ANN ARBOR, Mich.---University of Michigan physicists have created the first atomic-scale maps of quantum dots, a major step toward the goal of producing "designer dots" that can be tailored for specific applications.
Quantum dots---often called artificial atoms or nanoparticles---are tiny semiconductor crystals with wide-ranging potential applications in computing, photovoltaic cells, light-emitting devices and other technologies. Each dot is a well-ordered cluster of atoms, 10 to 50 atoms in diameter.
Engineers are gaining the ability to manipulate the atoms in quantum dots to control their properties and behavior, through a process called directed assembly. But progress has been slowed, until now, by the lack of atomic-scale information about the structure and chemical makeup of quantum dots.
The new atomic-scale maps will help fill that knowledge gap, clearing the path to more rapid progress in the field of quantum-dot directed assembly, said Roy Clarke, U-M professor of physics and corresponding author of a paper on the topic published online Sept. 27 in the journal Nature Nanotechnology.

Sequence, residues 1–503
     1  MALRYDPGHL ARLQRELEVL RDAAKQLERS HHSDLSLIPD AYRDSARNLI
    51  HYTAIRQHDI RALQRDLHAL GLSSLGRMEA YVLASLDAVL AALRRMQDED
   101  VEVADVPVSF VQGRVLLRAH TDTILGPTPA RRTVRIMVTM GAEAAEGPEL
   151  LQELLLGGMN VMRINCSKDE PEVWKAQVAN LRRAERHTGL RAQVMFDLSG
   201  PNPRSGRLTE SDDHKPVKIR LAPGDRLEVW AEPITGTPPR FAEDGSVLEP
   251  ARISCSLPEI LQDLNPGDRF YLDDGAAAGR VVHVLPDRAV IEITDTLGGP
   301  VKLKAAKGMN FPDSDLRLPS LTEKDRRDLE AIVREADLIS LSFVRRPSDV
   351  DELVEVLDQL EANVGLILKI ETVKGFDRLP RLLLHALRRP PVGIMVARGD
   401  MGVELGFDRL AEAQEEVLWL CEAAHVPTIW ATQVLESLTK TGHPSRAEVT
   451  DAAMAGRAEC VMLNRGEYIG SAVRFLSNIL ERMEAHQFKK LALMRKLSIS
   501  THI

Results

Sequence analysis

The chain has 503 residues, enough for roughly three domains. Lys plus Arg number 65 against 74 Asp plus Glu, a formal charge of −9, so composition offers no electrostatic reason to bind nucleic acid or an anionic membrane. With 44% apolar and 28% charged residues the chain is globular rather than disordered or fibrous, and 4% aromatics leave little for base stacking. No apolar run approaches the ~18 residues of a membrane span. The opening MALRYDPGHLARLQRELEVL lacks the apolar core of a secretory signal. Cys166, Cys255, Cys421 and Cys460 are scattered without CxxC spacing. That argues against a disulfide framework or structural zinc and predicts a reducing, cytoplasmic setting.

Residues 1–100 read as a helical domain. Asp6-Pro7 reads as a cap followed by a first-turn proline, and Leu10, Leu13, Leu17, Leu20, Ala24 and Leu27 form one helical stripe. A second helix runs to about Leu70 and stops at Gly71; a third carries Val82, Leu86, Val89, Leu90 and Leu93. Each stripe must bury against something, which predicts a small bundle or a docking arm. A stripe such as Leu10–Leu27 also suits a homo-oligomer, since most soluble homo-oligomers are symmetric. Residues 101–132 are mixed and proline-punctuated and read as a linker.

Lead author of the paper is Divine Kumah of the U-M's Applied Physics Program, who conducted the research for his doctoral dissertation.
"I liken it to exploration in the olden days," Clarke said of dot mapping. "You find a new continent and initially all you see is the vague outline of something through the mist. Then you land on it and go into the interior and really map it out, square inch by square inch.
"Researchers have been able to chart the outline of these quantum dots for quite a while. But this is the first time that anybody has been able to map them at the atomic level, to go in and see where the atoms are positioned, as well as their chemical composition. It's a very significant breakthrough."
To create the maps, Clarke's team illuminated the dots with a brilliant X-ray photon beam at A
|Contact: Jim Erickson|
University of Michigan